Globe-Gazette from Mason City, Iowa on October 6, 1949 · Page 26
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Globe-Gazette from Mason City, Iowa · Page 26

Mason City, Iowa
Issue Date:
Thursday, October 6, 1949
Page 26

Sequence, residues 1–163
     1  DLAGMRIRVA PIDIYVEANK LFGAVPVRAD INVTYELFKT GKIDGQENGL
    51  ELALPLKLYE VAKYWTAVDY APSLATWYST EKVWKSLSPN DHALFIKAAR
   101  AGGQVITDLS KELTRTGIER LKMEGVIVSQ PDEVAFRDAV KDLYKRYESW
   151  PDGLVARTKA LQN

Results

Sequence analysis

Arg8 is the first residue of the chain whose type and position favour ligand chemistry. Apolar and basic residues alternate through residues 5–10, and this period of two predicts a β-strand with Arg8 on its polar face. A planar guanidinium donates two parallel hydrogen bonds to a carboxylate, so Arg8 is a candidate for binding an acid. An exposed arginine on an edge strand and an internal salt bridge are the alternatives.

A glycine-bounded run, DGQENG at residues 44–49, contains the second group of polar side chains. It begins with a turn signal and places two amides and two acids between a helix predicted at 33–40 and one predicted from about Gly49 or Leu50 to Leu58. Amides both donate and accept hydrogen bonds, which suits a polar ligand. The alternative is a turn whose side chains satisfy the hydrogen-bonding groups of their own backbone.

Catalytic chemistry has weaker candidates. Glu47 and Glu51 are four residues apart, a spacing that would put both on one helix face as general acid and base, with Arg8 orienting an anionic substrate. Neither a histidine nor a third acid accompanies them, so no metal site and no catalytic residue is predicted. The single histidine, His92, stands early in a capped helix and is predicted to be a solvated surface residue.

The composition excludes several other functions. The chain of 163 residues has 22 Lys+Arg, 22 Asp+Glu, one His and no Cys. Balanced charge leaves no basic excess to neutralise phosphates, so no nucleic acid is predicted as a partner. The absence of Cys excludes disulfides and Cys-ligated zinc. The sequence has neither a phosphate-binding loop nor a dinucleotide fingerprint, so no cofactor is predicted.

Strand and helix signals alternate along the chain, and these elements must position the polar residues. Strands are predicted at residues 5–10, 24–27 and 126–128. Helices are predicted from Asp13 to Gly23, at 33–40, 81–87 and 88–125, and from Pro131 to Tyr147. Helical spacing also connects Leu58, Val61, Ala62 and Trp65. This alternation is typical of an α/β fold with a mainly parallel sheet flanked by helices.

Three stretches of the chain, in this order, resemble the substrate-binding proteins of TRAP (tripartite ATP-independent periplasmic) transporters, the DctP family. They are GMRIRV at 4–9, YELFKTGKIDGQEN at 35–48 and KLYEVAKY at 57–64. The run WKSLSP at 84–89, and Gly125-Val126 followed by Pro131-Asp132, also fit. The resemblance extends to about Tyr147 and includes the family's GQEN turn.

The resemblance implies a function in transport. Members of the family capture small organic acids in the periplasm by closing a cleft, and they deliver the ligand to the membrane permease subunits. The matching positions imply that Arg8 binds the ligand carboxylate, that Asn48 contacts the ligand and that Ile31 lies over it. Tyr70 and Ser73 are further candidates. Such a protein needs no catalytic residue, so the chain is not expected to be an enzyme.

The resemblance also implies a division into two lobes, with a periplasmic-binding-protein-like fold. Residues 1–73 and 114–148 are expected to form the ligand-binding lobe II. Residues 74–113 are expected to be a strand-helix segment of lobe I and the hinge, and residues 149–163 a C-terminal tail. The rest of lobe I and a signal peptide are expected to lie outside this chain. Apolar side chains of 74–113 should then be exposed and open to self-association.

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Mason City Olobe-Gazette. Mason CIty.i.. DIES UNDER TRACTOR , Council Bluffs, </p) _ j os eph Kline, 45. Griswold, was killed late Sunday when he turned his tractor toward a ditch and the machine fell on him. The average capacity of the U. S. railway freight cars has increased steadily since 1916 from 41 tons to 51.9 tons. Earliest Corn Harvest Seen Des Moines, (#>)—The stage is set for what probably will be Iowa's earliest corn harvest of record. "There will be an appreciable amount of corn harvested by the end of this week . . . and probably a lot of corn in cribs before Oct. STAY* NON YELLOWING WHITE ENAMEL Just One Coat puts a real "porcelain finish on most any surface . . . This is the ideal, tile-like finish for kitchen and bathroom walls, for woodwork and cabinets. Liquid-, Lite is extra easy to apply, covers almost any surface perfectly in just one coat and dries, free of brush marks to a full-bodied high lustre. It stays brilliant white. It stays washable. Using Liquid-Lite makes painting a real pleasure. t\ SHEPHERD'S JKAIKT & WALLPAPER 27-29 First St. S. E. Phone 1362 2 .DILLONS ARE PLAYING SANTA CLAUS FOR 3 DAYS FREE DRESS SHIRT and FREE TIE with the SUIT YOU BUY Yes, there is a Santa Clous? Just stop in at DILLONS, pick out any new FALL SUIT priced $40 or more. With your suit purchase you will receive from Old Santa (the salesperson) your choice of any WHITE DRESS SHIRT, $2.95 to $3.95, made by Wilson Bros, or a Shapely. And In addition to a G5FT SHIRT to wear with your NEW SUIT . , . Santa Claus (anyone at DILLONS) will help you select a NEW FALL TIE, your choice of any $1.50 Tie in the store. SUIT . . . SHIRT . . . TIE . . . ALJ, 3 FOR THE REGULAR PRICE OF THE SUIT YOU BUY. AN OUTSTANDING VALUE FOR JUST 3 DAYS . . , THURSDAY, FRIDAY AND SATURDAY. Great Selection of FALL SUITS These famous names at Dillons: NEEDLE CRAFT DON illCHARDS GRIFFON CLOTHES FASHION PARK J. CAPPS WORSTED-TEX You will be correctly fitted at DILLONS THE DILLON CO. 15," the. Iowa Crop and Livestock Reporting Service said Tuesday. Normally little corn is cribbed in Iowa until the 3rd week in October. Along with the favorable drying weather, there's another reason 1'or the early harvest, the service said. ' . . "Farmers are disturbed by the heavy lodging and ear drop that has already occurred in all seo tions of the state," the report said. "There is heavy pressure to get corn picked as quickly as possible since each storm or high wind results in further damage. "Extreme cases are reported where the ear drop is running as high as 40 per cent." Iowa's soybean harvest is well under way with 26 per cent of the acreage combined by Oct. 1 compared with 17 per cent a year ago. U. S. Claims 10 Churchmen Jailed by Bulgarians Lake Success, N. Y., (U.R). — The United States disclosed 'in the United Nations Tuesday that a new series of church trials was held' in Bulgaria last July when 10 Protestant clergymen were sentenced in secret to 10-year prison terms. U. S. Delegate Benjamin V. Cohen made the disclosure before the UN's political committee where he charged Bulgaria, Hungary and Romania with flagrant disregard of treaty pledges to protect human rights. He asked that the UN request an advisory opinion from the international court of justice on the issue. Indicted on 33 Year Old Murder Charge Beckley, \V> Va., (^ — Thirty- three years ago Fletcher Fox was shot and killed during an argument in Terry, W. Va. Monday, Doan Young, 62, was indicted by the Raleigh county grand jury on a murder charge growing out of the old shooting. Young was arrested in White Sulphur Springs, W. Va., last summer on an assault charge. Police said an investigation showed he had been sought for more than 3 decades for the Fox killing. Snd Door East of 1st National Bank «OUR FIRST AIM IS TO PLEASE YOU" Ask Ray Seney 19 EAST STATE STREET Gift Covers All Expenses for Rutledge St. Louis, (U.R) —A mysterious gift Wednesday assured Dr. Robert C. Rutledge, Jr., enough money to appeal his conviction for murdering his wife's alleged seducer. L. L. Scott, trustee for the Rutledge appeal fund here, refused to disclose the name or residence of the anonymous donor. Rutledge, a 'former St. Louis baby specialist, is serving a 70- year sentence in the Iowa state prison for killing Byron Hattman in Cedar Rapids, Iowa, last year. Scott said money collected to pay the cost of appealing Rutledge's conviction has reached $6,800 and that about $5,000 more would be needed. He • indicated the mysterious gift will cover all that is needed. The families of Dr. Robert Rutledge, Sr., and of Rutledge's tall, blonde wife, Sydney, said they had spent their savings in Rutledge's defense. 2 Dead Is Toll in Texas Hurricane Houston, Tex., (U.R)—The Texas hurricane took a toll of 2 lives and wrecked $8,000,000 worth of property and crops, officials said Wednesday. The dead were Mrs. Alpha Hebert of Port Neches, Tex., who grabbed a dangling "live" wire in trying to break a fall, and Jimmie Simpson, 21, Palacios, Tex., who apparently drowned while trying to swim from a stalled cabin cruiser in Matagorda bay. The 112-mile-an-hour blow wrecked power transmission lines and communications wires. Widespread damage was reported in the 75,000 acres of low- lying ricefields from the heavy rains accompanying the storm when it roared off the Gulf of Mexico early Tuesday. Texas prison system farms, which raise cotton, corn and hegari, suffered an $800,000 loss. Damage was most severe in Freeport, the first coastal city hit by the whirling storm. Authorities said it would cost $150,000 to repair homes, utility poles and signs buffeted by the high winds. Drug Store Sold Fredericksburg—Stanley Koerth has sold his drug store to Robert Dreyer of St. Ansgar. Mr. Dreyer owned and operated this store be^fore moving to St. Ansgar. Mrs. Fred Richardson will operate the business. Mr. Koerth has nqt announced his plans for the future. WE KNOW FROM EVERYDAY SHOPPING EXPERIENCE CAN SAVE YOU 6% TO 10% ON YOUR APPAREL NEEDS! SHOP OUR PRICES—THEN COMPARE Huge selections in new Coats, Dresses, Sportswear, Lingerie and Accessories — at reasonable Money Saving Prices! 6% To 10% Savings — Compare FINE QUALITY ALL WOOL ZIP-LINED TWEED COATS A 39.95 Value Our Lower- Price $ 34 90 COUNTY AGENT HONORED— Paul Henderson, Garner, was one of 4 Iowa county agents to receive distinguished service awards Tuesday for work with rural families. The awards were made at the convention of the National Associations of County Agricultural Agents at Denver. Henderson started extension work as a 4-county club agent in Cerro Gordo, Worth, \Vinnebago and Hancock counties in 1936 shortly after he was graduated from Iowa State college. In 1940 .he was named Hancock county extension director. Iowa May Have State Budget Director Again Des Moines, (ff>) —There's a move on to re-establish the office of state budget director in the Iowa government setup. A recommendation that a budget director succeed the state comptroller with no change in personnel might be presented at Tuesday's meeting of the state governmental reorganization committee. Whether the recommendation is passed on to the 1951 legislature is up to the committee. It was established by the 1949 legislature to suggest ways of streamlining the state government. Sources whose names cannot be used say the proposal is that State Comptroller Ray Johnson become budget director. The objective is closer supervision of the expenditure of state funds. The sources say Johnson recently attended the national convention of state budget directors to obtain information oil the operation of such offices in other states. The office of Iowa budget director was discontinued in 1933 and made into the office of the state comptroller. The budget director used to audit state office books and the auditor's office wrote the warrants. After the change was made the auditor's office took over checking the books and the comptroller became the state's check writer. The comptroller assists the governor in hearing requests of the various state departments for biennial funds prior to the convening of the legislature. The details of the proposal to re-establish the office of budget director were not revealed. Those in position to know the details declined to comment. In colonial times, the branches of the witch hazel shrub served as divining rods in searching for water and ores. Truman Asks Farm, Labor Co-Ope ration St. Paul, (U.R)—President Truman Tuesday called for farm- labor co-operation in the fight to get his "fair deal" legislative program enacted into law. In a message to the AFL's 68th national convention here, Mr. Truman said his welfare program "may be delayed" for a while. But, he added, "in the end it will triumph if we continue to stand together." The president did not specifically say that labor and farm groups should work "together in politics. He put it this way: "M any additional Americans need the protection of adequate minimum wages, of agricultural price supports, of more and better housing, and greater educational opportunities. "They will have their needs satisfied through the co-operation of wage-earners and farmers with their government." Mr. Truman told the AFL delegates he was sorry he could not attend their convention. But he sent his "best wishes" and pledged to continue administration efforts to repeal the Taft-Hartley labor law. Episcopalian Group Studies Pension Plans San Francisco, (U.R)—The Episcopalian house of deputies at the church's 56th general triennial convention Wednesday studied 3 separate plans proposing increased pensions for retired clergy The church pension fund committee recommended that the present $900 pensions for retired clergy be raised to 81,500. The committee also asked that pensions for widows be increased from $450 to $750, and that assessments paid by parishes be hiked from 10 to 15 per cent. A 2nd plan called for pensions of $1,800 for retired clergy and $900 for widows. It also approved the increased rate of assessment, but recommended certain changes in investment practices and an insurance policy of at least $6,000 for each clergyman. Another plan provided for clas sification of pensioners according to their need, distinguishing between married and single retired clergy and clergy widows. A minimum $150 per month pension was recommended. Trade Barriers Being Removed, Hoffman Soys St. Paul, Minn., (U.R)—Economic o-opuratkm Administrator Paul <j. Hoffman disclosed Wednesday :hat Italy, France and Great Britain have lifted trade barriers "as much as 55 per cent" to step up Dirying and selling between the Marshall plan countries. Hoffman told the American Federation of Labor's 68th annual convention here that the relaxation of trade restrictions by the 3 nations "brings the dream of European unity one step nearer realization." He called it "good news, an historic step . . . and a practical move." Hoffman said the action towards freer trade had "brightened the hope of European workers for a higher standard of living because there is an intimate relationship between lower trade barriers and lower prices." And, he added, any action that increases the standard of living for the peoples of Ejurope naturally dees much to combat communism. / Hoffman said the Marshall plan already has done much to help Europe get back on its feet. He said the countries being helped are "working hard" to aid their peoples and increase production. "Take it from me," Hoffman said, "these people are determined to improve their productivity. They are working hard not only to earn their way day by day but also to build for the future." Bar Civil Rights Bill Amendments "Washing-ton, (U.R)—The administration's broad social security expansion bill survived its first test Tuesday when the house voted to consider the measure under a procedure barring amendments. Republicans had sought to open up the legislation to amendment But democratic leaders persuadec enough of their party members to stay in line to beat back the republican challenge. The roll call vote was 189 to 135. The procedure under which the house will consider the bill calls for 4 days of debate. At the enc of the 4th day, the republicans then will have an opportunity to offer a substitute bill. If the substitute is defeated, the house then will vote on the democratic bill The Mason City Globe-Gazette Proudly Presents as a Salute to Newspaper Week: er A dramatization of the career of this great lowan, the late president of the Lee Group of Midwestern Newspapers on KGLO at 9:30 Wednesday Evening This program was originated this week at Radio Station WFIL of Philadelphia as one of a series of programs conducted by the Philadelphia Fellowship Commission entitled "Within Our Gates." It tells the age-old American story of a young man born to relative poverty, who through his own ability and initiative advanced to an outstanding place in the newspaper world and to recognition as one of America's truly great and good men. The Globe-Gazette invites you to listen to this Iowa story as told through an Eastern station to a great Eastern audience. Remember the firm 9:30 o'clock Wednesday evening TAKE BAR EXAMINATION Des Moines, (#>) — Forty-four men and one woman are taking 3 days of written and oral tests as candidates for admission to the Iowa state bar. Russia 'May Take Troops From Reich Berlin, (U.R)—The Soviets indicated Wednesday they would sign a peace treaty with a communist- dominated central government to be formed in eastern Germany and then withdraw Russian occupation troops. Official and unofficial reports indicated the new government, claiming jurisdiction over all Germany's 66,000,000 people, would be formed Friday by proclamation of the soviet zone peoples council. Taegliche Rundschau, official newspaper of the soviet military administration, said the new state "will be a government which will not be hampered in its activity by regulations in an occupation statute of unlimited duration." "It will be a government with which, according to the Potsdam agreement, a peace treaty can be concluded, and whose territory after the conclusion of the peace treaty can be evacuated by occupation forces," the paper said. At the same time the communist socialist unity party, which dictates German political policy m the soviet zone, issued a statement favoring a peace treaty and the withdrawal of occupation forces. Suspicious Father ... (7 p.m.) Mr. Chameleon, the man of many faces, runs into murder involving a suspicious father. Dangerous Age . . . (7:30 p.m.) Dr. Christian turns psychiatrist , to solve tha problems of a woman who rebels against 22 years of family life. Groucho Marx ... (8 p.m ) With Groucho, master of the ad-lib, at the helm, this is one of radio's most entertaining and unpredictable comedy-quiz sessions. Bing and Judy • . . . (8:30 p.m.) Bing Crosby recalls the early days of radio as Judy Garland pays a delayed visit to the Crosby show. Burns and Allen ... (9 p.m.) Grade promotes George for the lead in "South Pacific." But it turns out to be a South Pacific atomic radioactivity test. Adler's Life Story (9:30 p.m.) A dramaiization of the life and works of the late E. P. 'Adler, for more than 40 years head of. the A. W. Lee group of mid-western newspapers, will be reproduced over KGLO. It originated earlier this week at Radio Station WFIL, Philadelphia, as one of a series of programs titled: "Within our Gates" and is essentially the story of American opportunity. This will be an important part of this community's observance of National Newspaper week. Build Steel Bins . Bode—The government is building 35 new steel bins in Bode for the storage of sealed corn. Five bins are near completion and others have been started. It will take 6 weeks to finish the job. On the Radio Beam WEDNESDAY NIGHT NETWORK HIGHLIGHTS ARC—11:80 Lone Ranger; 7:00 Amazing Mr. Malone; 7::!0 Sherlock Holmes; 8:00 Boris Karloff; 8:30 The Croupier; 10:00 Lawrence Vtclk; ll):S<J On Trial. CBS—6:30 Club 15; 0:45 Edward II. Murrow; 7:00 Mr. Chameleon; 7:30 Dr. Christian; 8:00 Groucho Marx; 8:»0 Bine Crosby; 9:00 Burns and Allen; 0:30 Capitol Cloak Room. MBS—7:00 Can You Top This? 7:30 International Airport; 8:00 Scattergood Balnes; 8:30 Family Theater; 0:00 Mutual News Reel; 0:30 Dance Music. NBC—7:1)0 This Ts Your Life; 7:,10 The Great Glldcrslecvc; 8:00 Break the Hank; 8:;»n District Attorney; !l:00 The Rig Story; !):3I( Curtain Time. KICM ON YOUR DIAL Wednesday P.M. 4:00 LISTEN LADIES 4:15 Farmers Grain Reporter 4:22 Your Home Town 4:40 "1490" Club 5:00 B Bar B Ranch R:30 Tom Mix 6:00 Fulton Lewis 0:15 News (i:l!0 B and B Tempertaure Quiz R:35 Gems of Melody «:4f> Sports Hi-Lite* 7:1)0 Reflections In Melody 7:30 Gabriel Heatter 7:45 Melody Time 7:55 Hill Henry 8:00 Scattergood Baincs 8:30 Family Theater 0:00 News Commentator 9:15 Mutual Newsreel 9:30 Dance Orchestra 7:15 News 10:15 "141)0" Club 10:55 News 11:00 "1490" Club 11:55 News 12:00 Sign Off Thursday A.M. 8:00 Jerry Smith Show 0:30 Farm Frolic Time 7:00 NEWS 7: in Reveille Rhylhmi 7:45 Sports ^cores 8:00 New* 8:15 Tell Your Neighbor 8:30 Your Home Town B:SO B and n Temperature Quiz 9:35 Mid Morning Melodies 10:1)0 Hoy erg Blllboarl 10:15 Your Marriage 10:30 Against the Storm 11:00 Kate Smith Speaks 11:1B Church Notes of the Air 1J:80 New* 11;45 World Scries Baseball Thursday P.M. THURSDAY 1', M. 9:30 Radio Farm Journal 4:00 Listen Ladle* 4:IR Grain Reporttr 4[22 Ynur Home ToWB 4:40 "1400" Club Daily Schedule For KGLO + KGLO-FM ^Wednesday P.M. 5:00 Accents on Music 5:15 Clear Lake on the Air, Clear Lake Merchants 6:30 Curt Masg'ey and Martha Tllton, Allies Laboratories, CBS 5:45 Time Was 0:00 News, P. Q. & E. (MInshall) 6:15 Sports Camera (Suter) 6:30 Club 15, Campbell Soups, CBS 6:45 News, Edward R. Murrow, Camp' bell Soups, CBS 7:00 Mr. Chameleon, Bayer Aspirin, CBS 7:30 Dr. Christian, Vaseline, CBS K:ftO Groucho Marx, Elgin American 8:31) Biiig Crosby, Liggett <fc Meyers, CBS • r 0:CO Burns & Allen, Cecil & Prysby, Inc., CBS 3:30 Within Our Gates 10:011 News, First National Bank 10:15 Something Old—Something New 10:30 Great Moments in Music 11:00 News, CBS 11:05 Noro Morales, Orchestra, CBS 11:30 Larry Fotine's Orchestra, CBS 12:00 News. CBS Thursday A.M. 0:00 Sign On, Irews 6:05 Morning Rouser G:30 farm Reporter, State B r a n 1 Creameries, Inc. (Randolph) 6:45 News, Mid-Continent Petroleum Corp. (Minshatl) 7:00 Rhythm Roundup 7:15 On the Farm, Allis-Chalmerg Co. 7:30 News (Kew) 7:35 Fun at Breakfast, Sweetheart Bread 7:45 Sports Scoreboard 7:45 Top of the Morning 8:00 Keep Time With Damons 8:15 Holsum Headlines, Holsum Bread {Hilton) 8:30 Yesterday's Music, Cool Sprint Canning Co. 8:45 Bing Sings, Mason City Globe-Gazette 9:00 Today in Osagr, Osagie Merchant! 9:30 Bible Broadcast, Radio Chspet 0:45 Kitchen Club, Ferfex 10:00 News Digest, Jacob E. Decker A Sons (Kew) . 10:15 VTater" Qulst, Hlland Potato Chlpi 10:30 Grand Slam, Wonder Bread, CBS 10:45 Bob Clausen Show' 11:00 Wendy Warren, General Foods, CBS 11:15 Betsy Ross Serenade, Ffaff Baking Company 11:30 Helen Trent, American Home Trod- nets, CBS 11:43 Our Gal Sunday, American Horn* I'roducts, CHS Thursday P.M. 12:00 Today's Markets 12:05 The Man on the Street, PrltchxrA Mot'ir Co. 12:15 T.h- Old Timers, North Iowa Co- Ops. 13:30 News, International Harvester Co. Dealers (Hilton) 12:45 r'arm und Home Topic Time, St. Paul Livestock Market . 1:00 The Second Mrs. Burton, General Foods, CBS 1:15 Home Town Ner<rs (Pnlen) 1:30 This Is Nora. Drake, The TonI Co., CBS 1:4fi Mystery Melody Game j 2:00 Arthur Godfrey Time, Chesterfield Clgarcts, CBS 2::i8 Aunt Jenny, Lever Bros.. CBS 2:45 Hilltop House, Miles Laboratories, CBS 3:00 News, Hoi BO m Bread 3:05 The Friendly Philosopher 3:15 The Bob Clausen Show 4:00 Arthur Godfrey Time, Glasx War, CBS 4:15 Arthur Godfrey Time, Nabiico, .CBS 4:.TO Arthur Godfrey Tlmr, Spray A Wave, CBS 4:45 Rent Review 4:55 World Series News and Scores KSMN 1000 WATTS T010 DIAL Your First Choice In Daytime Listening Pleasure From 6:15a.m. to 5:30p.m, 9:00 A. M. Musical TNT Presented By RAIZES DEPT. STORE